Saturday, December 12, 2020

City Design WIP: Part Three

About two weeks into the process, a more finalized look finally emerges for the bright and beautiful city of Mythuín. As the result of "real life," I spent anywhere from 2 to 9+ hours each day actually working on the map (no weekends for indie publishers, of course), so work hours are indeed piling up. So far, the computer has had no problem handling the growing file size.

For the previous article, click here.

Much of the effort aimed at developing outlying suburbs and natural-looking terrain. At this scale, it was a challenge. After a few scrapped attempts, I happily settled on textures for farmland, woods, and hills.

The image above shows the South Bridge district. The section north of the river isn't finished. The farmland pattern came from an aerial view of fields in England, roughened and slightly blurred. I rendered it in a partially transparent layer over a mottled green-brown texture. Both components are feathered to smoothen out their edges. The process is simple: 1. Select areas on the map, 2. Copy the textures from separate files, 3. Paste to fill the selected areas. Repeat for each layer.

The image above shows the west bank. The step following the placement of farmland addressed small rivers and pathways. A new layer farther down received a mottled brown texture akin to bare dirt. I then traced pathways and riverbeds through the farmland with an eraser tool to reveal the bare dirt on the lower layer. In between those two layers, I drew white lines within the riverbeds, and replaced them with a water texture. When done, the edges of the pathways and the river textures got feathered for a more natural look.

The next image displays parts of the old town, the seaport, and the so-called Tower Hill area. The old town, known as "Old Meru," marks the location of the original Meruín settlement, wedged between a natural cove and a hill. The Meruín are aquatic elves, so their dwelling and street design reflects "fluid" lines. I altered the initial coastline inside the port and added docks and wooden piers. The hill presented a challenge. I scrapped a few attempts before settling on the present look. There are five separate layers, starting with the basic green-brown mottled texture I used for farmland. I tweaked the brightness, contrast, and hue of the first three layers. The last two consist in a brown rocky texture. All these layers were heavily feathered and blended together for the final result.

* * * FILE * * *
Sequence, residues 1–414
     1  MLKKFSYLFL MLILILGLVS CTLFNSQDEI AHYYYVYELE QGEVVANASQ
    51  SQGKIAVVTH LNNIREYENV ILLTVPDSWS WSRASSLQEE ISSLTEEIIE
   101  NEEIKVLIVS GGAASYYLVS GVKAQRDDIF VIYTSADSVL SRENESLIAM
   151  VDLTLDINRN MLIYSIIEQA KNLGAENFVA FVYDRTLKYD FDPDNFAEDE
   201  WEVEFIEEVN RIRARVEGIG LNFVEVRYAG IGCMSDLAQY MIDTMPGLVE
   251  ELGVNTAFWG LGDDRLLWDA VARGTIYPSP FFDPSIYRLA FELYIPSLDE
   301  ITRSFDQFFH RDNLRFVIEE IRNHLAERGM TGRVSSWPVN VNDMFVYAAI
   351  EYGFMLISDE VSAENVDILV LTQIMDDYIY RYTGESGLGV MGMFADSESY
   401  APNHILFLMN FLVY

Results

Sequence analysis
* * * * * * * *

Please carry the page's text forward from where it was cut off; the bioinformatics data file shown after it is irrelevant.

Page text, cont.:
The Skyport and its warehouses lie on the north side of town. I copied original skyship artwork from earlier projects and rescaled it. This shows how large the city truly is. Most of these skyships are about 30-35 yards long. Ideally I should alter the edges of the river, since its banks are masonry. There ought to be docking features here and there alongside the river. The top of the image also shows a forest texture. It's layered directly on top of farmland, feathered, and rendered partially translucent to better blend it into the image. I also knocked out the grid from the city center, for clarity.

A riverine port and shaft lock are adjacent to the skyport. I had some fun showing rougher waters past the bridge and the waterfall. A shadow hints at the position of the cliff bisecting the entire city. The north bank shows a small suburb at the end of the bridge, a nearby forested stretch, and marshes below the cliff. The edge of the riverine port will be altered to look more like docking facilities. 

Talking about scale: here's a bit more  on the subject. The 1mm = 11 meters indication refers to the scale on the printed map. 100 meters = approx. 110 yards for those of you unfamiliar with the metric system. I also included travel times for characters moving about the city.

That's it for today. Hope you enjoyed the tour!

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